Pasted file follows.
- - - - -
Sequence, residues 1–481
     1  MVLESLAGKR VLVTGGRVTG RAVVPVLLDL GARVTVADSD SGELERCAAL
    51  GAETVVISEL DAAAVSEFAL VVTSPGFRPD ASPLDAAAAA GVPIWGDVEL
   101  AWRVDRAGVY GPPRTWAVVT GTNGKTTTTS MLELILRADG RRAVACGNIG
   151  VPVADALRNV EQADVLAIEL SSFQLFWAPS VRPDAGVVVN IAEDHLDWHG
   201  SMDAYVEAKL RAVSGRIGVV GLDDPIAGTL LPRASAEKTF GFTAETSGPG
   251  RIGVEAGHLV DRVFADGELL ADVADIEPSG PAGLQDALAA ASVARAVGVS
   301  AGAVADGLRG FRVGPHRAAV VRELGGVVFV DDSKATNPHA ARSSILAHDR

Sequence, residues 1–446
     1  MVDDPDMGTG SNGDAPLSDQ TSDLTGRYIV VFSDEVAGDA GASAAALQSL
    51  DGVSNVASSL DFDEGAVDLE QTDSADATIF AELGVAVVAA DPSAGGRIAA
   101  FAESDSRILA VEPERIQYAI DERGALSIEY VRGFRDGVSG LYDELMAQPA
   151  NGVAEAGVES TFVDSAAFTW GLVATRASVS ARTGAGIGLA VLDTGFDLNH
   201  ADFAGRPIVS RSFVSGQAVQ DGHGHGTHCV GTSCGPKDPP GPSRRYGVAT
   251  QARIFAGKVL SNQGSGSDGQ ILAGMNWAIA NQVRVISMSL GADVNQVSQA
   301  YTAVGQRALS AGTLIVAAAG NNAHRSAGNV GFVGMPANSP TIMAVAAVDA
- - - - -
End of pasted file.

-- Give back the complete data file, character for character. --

Sequence, residues 1–481
     1  MVLESLAGKR VLVTGGRVTG RAVVPVLLDL GARVTVADSD SGELERCAAL
    51  GAETVVISEL DAAAVSEFAL VVTSPGFRPD ASPLDAAAAA GVPIWGDVEL
   101  AWRVDRAGVY GPPRTWAVVT GTNGKTTTTS MLELILRADG RRAVACGNIG
   151  VPVADALRNV EQADVLAIEL SSFQLFWAPS VRPDAGVVVN IAEDHLDWHG
   201  SMDAYVEAKL RAVSGRIGVV GLDDPIAGTL LPRASAEKTF GFTAETSGPG
   251  RIGVEAGHLV DRVFADGELL ADVADIEPSG PAGLQDALAA ASVARAVGVS
   301  AGAVADGLRG FRVGPHRAAV VRELGGVVFV DDSKATNPHA ARSSILAHDR

Sequence, residues 1–446
     1  MVDDPDMGTG SNGDAPLSDQ TSDLTGRYIV VFSDEVAGDA GASAAALQSL
    51  DGVSNVASSL DFDEGAVDLE QTDSADATIF AELGVAVVAA DPSAGGRIAA
   101  FAESDSRILA VEPERIQYAI DERGALSIEY VRGFRDGVSG LYDELMAQPA
   151  NGVAEAGVES TFVDSAAFTW GLVATRASVS ARTGAGIGLA VLDTGFDLNH
   201  ADFAGRPIVS RSFVSGQAVQ DGHGHGTHCV GTSCGPKDPP GPSRRYGVAT
   251  QARIFAGKVL SNQGSGSDGQ ILAGMNWAIA NQVRVISMSL GADVNQVSQA
   301  YTAVGQRALS AGTLIVAAAG NNAHRSAGNV GFVGMPANSP TIMAVAAVDA